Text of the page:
argross at bigpond.net.au
Tue Sep 23 10:31:25 EDT 2003
> Garth Nix's UK editor Stella Paskins (yes, the same one who publishes DWJ
> and who came to the pub meet) has become aware of our discussions on the
> US/Oz nature of Mister Monday, and helpfully sent the following
> to put us out of our misery:
> "Basically, Garth Nix's primary publisher for the series is Scholastic in
> USA - they publish the book first, and the US editor is who Garth works
> Garth actually writes "Australian" as it were, but it's natural that in
> US they want American spellings and phrasing, so after all the main
> structural work, it would be copy-edited and "Americanised" in the
I know I'm going to sound narky here--but *why* is it "natural" to want
American spellings and phrasings in the US? What's wrong with saying, Well,
this is an Australian author, so he speaks "Australian"? Australians manage
to read "American" with no problems. I know that "American" is popularized
on TV and so on, but I don't see why Americans can't adapt to someone else's
idiosyncracies of speech. (I'm not arguing with *you*, Charlie--I guess it's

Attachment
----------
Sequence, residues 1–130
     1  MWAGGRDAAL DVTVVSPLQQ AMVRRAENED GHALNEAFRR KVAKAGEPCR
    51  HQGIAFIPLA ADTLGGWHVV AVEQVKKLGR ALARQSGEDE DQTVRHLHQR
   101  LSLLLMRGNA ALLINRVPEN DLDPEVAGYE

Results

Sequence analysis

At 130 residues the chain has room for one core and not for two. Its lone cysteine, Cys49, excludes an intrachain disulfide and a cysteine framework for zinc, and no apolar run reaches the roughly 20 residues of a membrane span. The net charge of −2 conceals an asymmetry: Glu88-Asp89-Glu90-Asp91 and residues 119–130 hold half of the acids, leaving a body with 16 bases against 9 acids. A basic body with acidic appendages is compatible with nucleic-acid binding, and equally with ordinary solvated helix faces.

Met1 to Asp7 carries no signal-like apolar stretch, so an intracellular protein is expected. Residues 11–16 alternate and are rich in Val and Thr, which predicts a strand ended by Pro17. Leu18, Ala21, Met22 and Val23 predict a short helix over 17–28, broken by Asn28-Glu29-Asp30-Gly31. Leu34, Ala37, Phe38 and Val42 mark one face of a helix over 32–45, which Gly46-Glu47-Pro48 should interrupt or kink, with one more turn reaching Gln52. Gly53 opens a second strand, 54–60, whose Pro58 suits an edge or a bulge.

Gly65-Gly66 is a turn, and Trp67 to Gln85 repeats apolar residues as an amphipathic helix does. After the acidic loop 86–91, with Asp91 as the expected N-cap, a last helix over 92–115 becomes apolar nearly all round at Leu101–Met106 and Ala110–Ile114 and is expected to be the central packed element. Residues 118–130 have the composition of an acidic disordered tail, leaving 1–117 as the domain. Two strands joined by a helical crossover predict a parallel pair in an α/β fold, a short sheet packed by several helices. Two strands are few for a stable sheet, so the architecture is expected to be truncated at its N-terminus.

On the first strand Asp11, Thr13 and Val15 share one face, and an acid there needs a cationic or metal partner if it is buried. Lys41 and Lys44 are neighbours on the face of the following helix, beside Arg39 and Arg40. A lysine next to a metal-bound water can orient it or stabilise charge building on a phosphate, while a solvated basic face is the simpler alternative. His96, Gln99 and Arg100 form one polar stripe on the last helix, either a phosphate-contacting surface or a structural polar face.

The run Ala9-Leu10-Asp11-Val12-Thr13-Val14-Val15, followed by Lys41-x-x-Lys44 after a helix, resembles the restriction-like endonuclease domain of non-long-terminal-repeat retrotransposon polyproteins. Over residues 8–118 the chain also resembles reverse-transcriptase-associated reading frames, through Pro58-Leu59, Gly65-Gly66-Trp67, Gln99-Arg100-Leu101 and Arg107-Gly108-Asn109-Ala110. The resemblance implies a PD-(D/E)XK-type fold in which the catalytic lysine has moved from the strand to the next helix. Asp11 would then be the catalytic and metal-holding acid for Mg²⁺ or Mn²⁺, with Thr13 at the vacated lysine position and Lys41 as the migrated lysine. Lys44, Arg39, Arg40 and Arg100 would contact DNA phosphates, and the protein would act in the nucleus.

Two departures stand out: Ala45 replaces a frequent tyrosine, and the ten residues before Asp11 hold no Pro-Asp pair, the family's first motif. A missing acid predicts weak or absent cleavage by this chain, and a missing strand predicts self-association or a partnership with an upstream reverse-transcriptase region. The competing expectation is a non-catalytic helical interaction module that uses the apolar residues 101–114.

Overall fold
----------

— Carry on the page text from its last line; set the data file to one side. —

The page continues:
the publishers I'm annoyed with.)
> Stella goes on to explain that the Australian publishers have to produce
> their edition pretty quickly after the US one for contractual reasons, so
> wouldn't have time to do any (or at any rate much?) work to Australianize
> it - or re-Australianize it, perhaps. The UK edition by contrast isn't
> coming out till January, giving Stella as editor time to do a more
> job Anglicizing it - in consultation with Nix, natch. She also adds that
> "hasn't actually set his story anywhere in particular. You need to believe
> it might be your city - or a city of your choice - when you read it." So
> those of us who detected a generic element in the setting were on the
> But it's emphatically not an attempt at dumbing down - just a matter of
> publishing practicalities.
I understand that. I do think they made a bit of a botch-up with the
Australian edition, though.
> There's obviously a thesis in here somewhere...
Thanks for passing this on, Charlie. The explanation does make sense, though
it still annoys me that things have to be "translated" for American
audiences in the first place.
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